If we say that a person has a right to a job, what else are we saying? That some other person has the obligation to employ him, whether he wants to or not. That is unacceptable.

When you hear these people talk about rights, as you particularly do during election season, ask yourself: are we really talking about rights? The fact is, at the same time the politicians and the talking heads are talking about the "rights" we all have, you don't hear them talking about the real rights that they're infringing.

Right to health care?
No, you have no right to "health care". What you do have is a right to protect your own health as you wish, but many such avenues have been made illegal.
Right to education?
No, you have no right to be educated. What you do have is a right to learn, and to contract with others to help you. Except that opting out of government schooling is tricky and expensive.
Right to a job?
No, you have no right to a job. What you do have is a right to contract with another to do work for him in return for remuneration, and a right to contract with another to do work for you. But those rights are infringed on all sides by minimum wage laws, labor union laws, and laws such as affirmative action and the ADA.

Being a resident of the USA, the laws I refer to are the ones in place there.

"Having a job" is indeed a basic human right. I wouldn't try to argue it to the boss when you are being fired, though.

Economic Rights under International Law

International treaty law does, in fact, recognize that employment is a basic human right.

Article 7 of the "International Covenant on Economic, Social and Cultural Rights", adopted by the UN General Assemby in 1966 and ratified by member states in 1976, provides:

The States Parties to the present Covenant recognize the right of everyone to the enjoyment of just and favourable conditions of work which ensure, in particular:
  • (a) Remuneration which provides all workers, as a minimum, with:
  • (b) Safe and healthy working conditions;
  • (c) Equal opportunity for everyone to be promoted in his employment to an appropriate higher level, subject to no considerations other than those of seniority and competence;
  • (d ) Rest, leisure and reasonable limitation of working hours and periodic holidays with pay, as well as remuneration for public holidays

Arguably these are merely aspirational goals. The specifics of equal employment opportunity will vary among the "municipal" (e.g. internal, national) laws of the various member states. Generally speaking, however, all the people of the world do have a "right to work".

"Right-to-Work" Laws in the United States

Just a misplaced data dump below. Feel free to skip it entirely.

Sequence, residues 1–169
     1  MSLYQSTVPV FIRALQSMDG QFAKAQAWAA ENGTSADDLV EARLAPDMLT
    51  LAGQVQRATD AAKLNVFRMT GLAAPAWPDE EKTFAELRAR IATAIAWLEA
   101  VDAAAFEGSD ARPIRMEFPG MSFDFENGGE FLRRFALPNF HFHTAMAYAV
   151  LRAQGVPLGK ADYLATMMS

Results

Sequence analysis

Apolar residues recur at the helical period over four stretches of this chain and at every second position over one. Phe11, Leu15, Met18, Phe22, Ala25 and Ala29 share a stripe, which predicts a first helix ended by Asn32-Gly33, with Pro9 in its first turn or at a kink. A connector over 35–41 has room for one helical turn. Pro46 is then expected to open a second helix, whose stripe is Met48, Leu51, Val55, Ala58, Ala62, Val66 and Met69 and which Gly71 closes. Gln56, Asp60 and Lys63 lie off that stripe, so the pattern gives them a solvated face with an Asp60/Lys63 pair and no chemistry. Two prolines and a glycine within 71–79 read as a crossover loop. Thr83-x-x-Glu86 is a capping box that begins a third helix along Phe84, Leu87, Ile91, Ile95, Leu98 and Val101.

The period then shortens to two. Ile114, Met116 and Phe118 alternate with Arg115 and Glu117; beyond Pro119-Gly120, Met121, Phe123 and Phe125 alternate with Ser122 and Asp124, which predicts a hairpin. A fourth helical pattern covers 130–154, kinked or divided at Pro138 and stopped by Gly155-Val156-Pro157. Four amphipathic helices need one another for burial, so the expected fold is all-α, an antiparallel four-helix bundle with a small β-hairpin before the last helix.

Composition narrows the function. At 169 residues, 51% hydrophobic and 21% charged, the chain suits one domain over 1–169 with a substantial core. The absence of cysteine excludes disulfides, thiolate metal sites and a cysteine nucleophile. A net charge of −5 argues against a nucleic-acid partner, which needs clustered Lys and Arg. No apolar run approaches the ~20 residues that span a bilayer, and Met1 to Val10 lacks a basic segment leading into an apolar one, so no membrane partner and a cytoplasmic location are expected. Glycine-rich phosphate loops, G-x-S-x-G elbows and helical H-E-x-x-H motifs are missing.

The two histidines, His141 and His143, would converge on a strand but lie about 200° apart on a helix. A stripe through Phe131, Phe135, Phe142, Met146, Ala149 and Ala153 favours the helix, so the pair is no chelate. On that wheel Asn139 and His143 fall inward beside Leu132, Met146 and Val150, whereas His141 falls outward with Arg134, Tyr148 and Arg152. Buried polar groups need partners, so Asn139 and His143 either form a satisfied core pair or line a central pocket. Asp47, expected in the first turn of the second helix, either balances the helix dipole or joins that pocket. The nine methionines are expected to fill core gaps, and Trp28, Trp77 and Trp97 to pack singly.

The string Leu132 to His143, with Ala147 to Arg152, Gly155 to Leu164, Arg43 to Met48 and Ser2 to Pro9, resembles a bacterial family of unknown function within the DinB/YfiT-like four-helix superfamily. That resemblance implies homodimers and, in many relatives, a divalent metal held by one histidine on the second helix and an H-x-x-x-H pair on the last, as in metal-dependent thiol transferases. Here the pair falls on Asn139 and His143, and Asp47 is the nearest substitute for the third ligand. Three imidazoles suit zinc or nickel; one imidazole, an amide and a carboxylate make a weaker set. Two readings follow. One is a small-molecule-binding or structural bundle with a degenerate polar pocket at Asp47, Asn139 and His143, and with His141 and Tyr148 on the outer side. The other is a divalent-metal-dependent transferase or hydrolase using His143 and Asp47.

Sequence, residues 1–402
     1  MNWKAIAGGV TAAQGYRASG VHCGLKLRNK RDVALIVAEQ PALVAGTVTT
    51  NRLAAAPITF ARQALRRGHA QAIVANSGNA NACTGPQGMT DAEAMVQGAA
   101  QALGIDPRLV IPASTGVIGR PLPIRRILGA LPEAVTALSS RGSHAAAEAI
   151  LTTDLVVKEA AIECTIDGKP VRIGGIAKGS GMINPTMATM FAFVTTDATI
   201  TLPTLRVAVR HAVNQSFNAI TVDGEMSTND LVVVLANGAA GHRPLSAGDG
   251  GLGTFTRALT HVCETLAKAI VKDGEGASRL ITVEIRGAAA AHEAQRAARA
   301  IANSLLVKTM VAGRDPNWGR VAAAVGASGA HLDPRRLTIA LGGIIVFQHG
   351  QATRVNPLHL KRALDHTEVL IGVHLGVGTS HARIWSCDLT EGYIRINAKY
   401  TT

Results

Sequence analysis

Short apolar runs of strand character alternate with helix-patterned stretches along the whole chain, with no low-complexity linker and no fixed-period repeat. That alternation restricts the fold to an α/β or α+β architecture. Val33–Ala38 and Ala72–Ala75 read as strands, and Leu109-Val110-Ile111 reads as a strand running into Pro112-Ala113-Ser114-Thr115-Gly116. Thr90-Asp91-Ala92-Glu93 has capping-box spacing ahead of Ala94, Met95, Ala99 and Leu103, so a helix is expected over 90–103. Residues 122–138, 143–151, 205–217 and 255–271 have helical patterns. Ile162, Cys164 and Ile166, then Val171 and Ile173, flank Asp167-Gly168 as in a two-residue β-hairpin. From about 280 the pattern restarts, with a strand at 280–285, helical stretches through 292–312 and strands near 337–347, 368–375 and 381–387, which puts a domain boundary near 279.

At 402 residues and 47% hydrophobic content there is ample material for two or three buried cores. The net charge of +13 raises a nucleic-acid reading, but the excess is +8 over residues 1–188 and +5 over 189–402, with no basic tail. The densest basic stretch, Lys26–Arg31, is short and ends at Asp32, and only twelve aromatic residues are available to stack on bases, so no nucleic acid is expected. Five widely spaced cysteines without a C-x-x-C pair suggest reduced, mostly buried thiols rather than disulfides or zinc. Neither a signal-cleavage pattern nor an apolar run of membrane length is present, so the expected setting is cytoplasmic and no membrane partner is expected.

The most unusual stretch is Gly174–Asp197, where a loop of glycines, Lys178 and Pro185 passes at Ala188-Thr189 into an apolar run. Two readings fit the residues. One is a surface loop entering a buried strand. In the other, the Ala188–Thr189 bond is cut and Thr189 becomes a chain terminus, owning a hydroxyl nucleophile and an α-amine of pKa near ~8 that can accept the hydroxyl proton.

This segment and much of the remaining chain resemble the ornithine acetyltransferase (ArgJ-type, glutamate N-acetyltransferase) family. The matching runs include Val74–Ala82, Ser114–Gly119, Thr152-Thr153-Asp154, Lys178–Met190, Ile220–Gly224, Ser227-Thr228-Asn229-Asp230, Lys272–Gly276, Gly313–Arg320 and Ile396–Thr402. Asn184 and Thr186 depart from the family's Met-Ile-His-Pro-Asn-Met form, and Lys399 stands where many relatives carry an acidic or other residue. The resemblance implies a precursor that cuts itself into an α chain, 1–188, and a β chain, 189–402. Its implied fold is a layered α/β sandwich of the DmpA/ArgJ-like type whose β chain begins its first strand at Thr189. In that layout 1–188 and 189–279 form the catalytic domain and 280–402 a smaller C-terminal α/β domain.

Many states, including my own, have "Right To Work" laws. These are misnamed for politcal reasons. Such laws provide no "right" to a job. "Right-To-Work" laws make closed-shop collective bargaining agreements illegal, so you don't have to join a union if you don't want to. That doesn't confer any "rights" on anyone, except arguably the right to benefit from union representation without paying dues.

The Right to the "Pursuit of Happiness"

The Declaration of Independence asserted the belief that all men are endowed with certain inalienable rights; among these are life, liberty and the pursuit of happiness. Your high school civics class may have told you that a right to "pursuit of happiness" is not found in the basic law of the land, the Constitution. What your high school civics teacher probably did not mention is that the "pursuit of happiness" has been enacted as positive law through State constitutions. A typical provision is the first Article of the Vermont "Declaration of Rights":

That all men are born equally free and independent, and have certain natural, inherent, and unalienable rights, amongst which are the enjoying and defending life and liberty, acquiring, possessing and protecting property, and pursuing and obtaining happiness and safety...

It would be difficult to argue a legal right to employment or education from this Constitutional provision. Certainly, you could not use it to claim a right to a particular job you want. Still, it codifies a principle of fairness and equal opportunity which underlies a lot of other law: primarily equal protection and due process cases. Upon those two phrases, found in both the Fifth and Fourteenth Amendments to the United States Constitutions, has been erected a great legal edifice of constitutional law which, together with anti-discrimination statutes, grants a "right to work" in the sense of equal opportunity.

For example, government employees --once they have a vested, full-time, non-probationary job-- have the right not to be fired arbitrarily, that is, without "good cause". That may not sound like much of a right, if you are unaware that employees in the private sector can generally be fired for any reason or no reason at all. The special rule for public employees is expressly grounded on the due process clause, but is informed by the background notions of equal opportunity enshrined in international law, the Declaration of Independence, and many State constitutions.